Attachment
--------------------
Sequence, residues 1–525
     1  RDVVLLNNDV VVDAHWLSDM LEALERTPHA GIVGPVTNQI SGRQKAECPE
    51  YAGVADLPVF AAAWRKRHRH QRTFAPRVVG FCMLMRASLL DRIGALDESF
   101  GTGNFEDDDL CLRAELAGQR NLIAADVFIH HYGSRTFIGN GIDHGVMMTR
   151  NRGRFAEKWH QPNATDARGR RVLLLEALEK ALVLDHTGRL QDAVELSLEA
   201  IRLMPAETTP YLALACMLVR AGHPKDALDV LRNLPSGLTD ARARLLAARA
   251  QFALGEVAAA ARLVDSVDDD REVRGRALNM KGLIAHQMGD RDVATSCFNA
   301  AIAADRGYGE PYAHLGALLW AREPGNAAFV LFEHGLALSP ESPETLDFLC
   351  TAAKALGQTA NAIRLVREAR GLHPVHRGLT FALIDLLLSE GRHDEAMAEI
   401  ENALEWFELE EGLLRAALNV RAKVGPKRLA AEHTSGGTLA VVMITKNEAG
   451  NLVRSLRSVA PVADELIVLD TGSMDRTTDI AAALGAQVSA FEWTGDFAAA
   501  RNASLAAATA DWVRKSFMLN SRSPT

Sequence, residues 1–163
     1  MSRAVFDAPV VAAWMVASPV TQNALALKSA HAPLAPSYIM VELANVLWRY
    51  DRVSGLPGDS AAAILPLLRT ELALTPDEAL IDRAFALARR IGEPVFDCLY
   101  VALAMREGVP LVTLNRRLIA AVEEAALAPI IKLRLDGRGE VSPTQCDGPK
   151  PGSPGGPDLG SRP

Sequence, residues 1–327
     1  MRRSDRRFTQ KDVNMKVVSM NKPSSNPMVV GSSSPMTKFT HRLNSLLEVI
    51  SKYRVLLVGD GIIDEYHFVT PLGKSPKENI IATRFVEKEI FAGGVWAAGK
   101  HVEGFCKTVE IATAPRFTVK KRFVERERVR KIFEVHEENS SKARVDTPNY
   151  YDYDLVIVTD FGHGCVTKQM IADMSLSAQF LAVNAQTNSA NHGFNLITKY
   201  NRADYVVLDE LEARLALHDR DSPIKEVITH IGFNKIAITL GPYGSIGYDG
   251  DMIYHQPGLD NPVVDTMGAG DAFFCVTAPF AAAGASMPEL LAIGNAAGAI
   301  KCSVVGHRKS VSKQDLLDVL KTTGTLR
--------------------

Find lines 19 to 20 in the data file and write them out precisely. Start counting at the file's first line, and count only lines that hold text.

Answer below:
     1  MRRSDRRFTQ KDVNMKVVSM NKPSSNPMVV GSSSPMTKFT HRLNSLLEVI
    51  SKYRVLLVGD GIIDEYHFVT PLGKSPKENI IATRFVEKEI FAGGVWAAGK